Grady White 360 Express main page
Grady-White knocked me down more than a few pegs with the introduction of its 33-footer several years ago. I never believed that an outboard-powered boat of that luxury, quality and expense would sell. Now it seems they can’t build them fast enough to meet demand. In what I previously would have considered reductio ad absurdum, Grady introduced an even more luxurious, bigger boat with triple outboards. It, too, sells faster than a wahoo strike. I guess the company’s second function is to keep me from getting too cocky when it comes to assessing the marketplace.
The 360 is big, wide and hefty – definitely not a boat you’ll want to trailer yourself.
On the way out to Big Rock – almost 50 miles south of Morehead City, North Carolina – the seas were still settling after a weekend of hurricane-force winds. But no matter on which point of attack we headed, I was able to find a sweet spot where the Grady cruised along smoothly. The 360 topped out at just over 44 mph burning 20 gph per engine – 60 gph total at 6,000 rpm. I know of smaller boats with twin engines that burn almost that. Amazingly, the 360’s optimum cruising speed is a wholly respectable 31 mph at 4,500 rpm. At that speed, we used only 11 gph per engine or 33 gph total for an economy rating of 0.93 mpg.
Crank the wheel hard over at speed and the 360 leans into the turn and carves a tight circle while holding everyone in his seat. I found backing down easy, especially with the standard bow thruster to help alter course. While trolling, I discovered that the 360 has a short roll moment with moderate transitions.
Teleflex i6000 TEC electronic controls handle three throttles with two shifters. You can configure the levers to operate in numerous ways, which sounds good, but is needlessly complex. A benefit to this system is its NMEA 2000 compatibility, which allows it to work with a number of engine companies’ products. The downside to this system? The large black boxes you need to hide away somewhere.
The hardtop has three single rocket-launcher holders on each leg and four horizontal rod holders up against the top. You’ll also find storage for three rods under each gunwale and two in each gunwale, and you can stow rigger balls at the aft end of the undergunwale storage.
There’s a huge fish box in the transom with freezer coils wrapped around the outside and the bottom and then sealed to the box with special putty for complete insulation. We set the temperature at 24 degrees and filled the box halfway with seawater to make a brine slush – the best way to chill down fish. The refrigerator/freezer in the cockpit module has the same construction. You control both units via a digital touch pad in the companionway.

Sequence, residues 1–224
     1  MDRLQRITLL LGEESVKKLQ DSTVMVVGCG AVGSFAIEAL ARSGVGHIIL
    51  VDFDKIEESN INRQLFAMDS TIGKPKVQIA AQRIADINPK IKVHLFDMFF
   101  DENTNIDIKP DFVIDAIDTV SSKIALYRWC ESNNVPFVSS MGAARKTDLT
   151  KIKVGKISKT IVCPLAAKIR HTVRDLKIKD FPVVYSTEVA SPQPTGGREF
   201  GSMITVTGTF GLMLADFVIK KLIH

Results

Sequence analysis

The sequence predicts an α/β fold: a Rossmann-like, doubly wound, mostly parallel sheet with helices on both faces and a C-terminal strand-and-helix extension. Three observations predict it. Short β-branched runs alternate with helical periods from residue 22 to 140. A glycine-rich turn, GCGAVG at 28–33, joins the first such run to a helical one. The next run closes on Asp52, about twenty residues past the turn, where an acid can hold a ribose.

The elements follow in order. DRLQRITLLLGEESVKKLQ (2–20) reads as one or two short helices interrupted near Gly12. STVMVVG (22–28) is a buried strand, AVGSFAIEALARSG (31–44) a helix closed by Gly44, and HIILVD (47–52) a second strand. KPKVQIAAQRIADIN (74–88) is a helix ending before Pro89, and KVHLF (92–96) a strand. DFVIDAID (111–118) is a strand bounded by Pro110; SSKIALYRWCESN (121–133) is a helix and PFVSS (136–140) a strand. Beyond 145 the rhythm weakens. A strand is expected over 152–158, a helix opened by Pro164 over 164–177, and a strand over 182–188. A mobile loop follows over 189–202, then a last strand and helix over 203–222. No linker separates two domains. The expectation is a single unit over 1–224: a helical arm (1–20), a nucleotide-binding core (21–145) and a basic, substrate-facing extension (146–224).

Grady installs a 48-gallon well with full-column water distribution to keep your expensive liveys hale and hearty, too.
South of Big Rock, we encountered schools of dolphin and tuna. The cockpit proved plenty large enough for three anglers and two wire men to work together, and the chill box handled a full-day’s catch with loads of room to spare. Though Grady glasses a plate into the deck to support a fighting chair, I don’t believe the cockpit will handle anything but the smallest sailfish chair. However, the Pompanette sailfish rocket launcher pod we had on our boat worked perfectly.
Design and Construction
Here’s a clue to the thought and detail that go into every 360. The options list has two entries: Sirius satellite radio and outriggers. Absolutely everything else is standard, from the 8-kW Fischer-Panda diesel generator to the refrigerator and freezer drawers in the galley. Sport Fishing’s national sales manager, Scott Salyers, can certainly attest to the comfort of the midship berth below. Placed where a normal 36-foot express boat’s inboard engines usually live, the midberth delivered Salyers into the arms of Morpheus for the entire ride back from Big Rock in 3- to 5-foot seas. Add the spacious forward berth and the drop-down table in the salon to the mix and the 360 can sleep four adults and two children quite nicely. I also found the head to be reality based, with room to move – and sit – without feeling “wedged in.”
The helm couldn’t be more comfortable. Every nuance of ergonomics has been considered and addressed, from the deluxe helm chair capable of seemingly infinite adjustability to guest settees that serve equally well whether the passenger faces forward or aft.
The construction of Grady’s 360 mirrors the successful 33 with hand-laid fiberglass SeaV2 hull, fiberglass Prisma stringers and quality chrome-stainless hardware. Overall, I could easily triple the length of this column and not cover all the impressive features aboard the Grady 360. So be sure to check out this history-making boat at your dealer or the next boat show.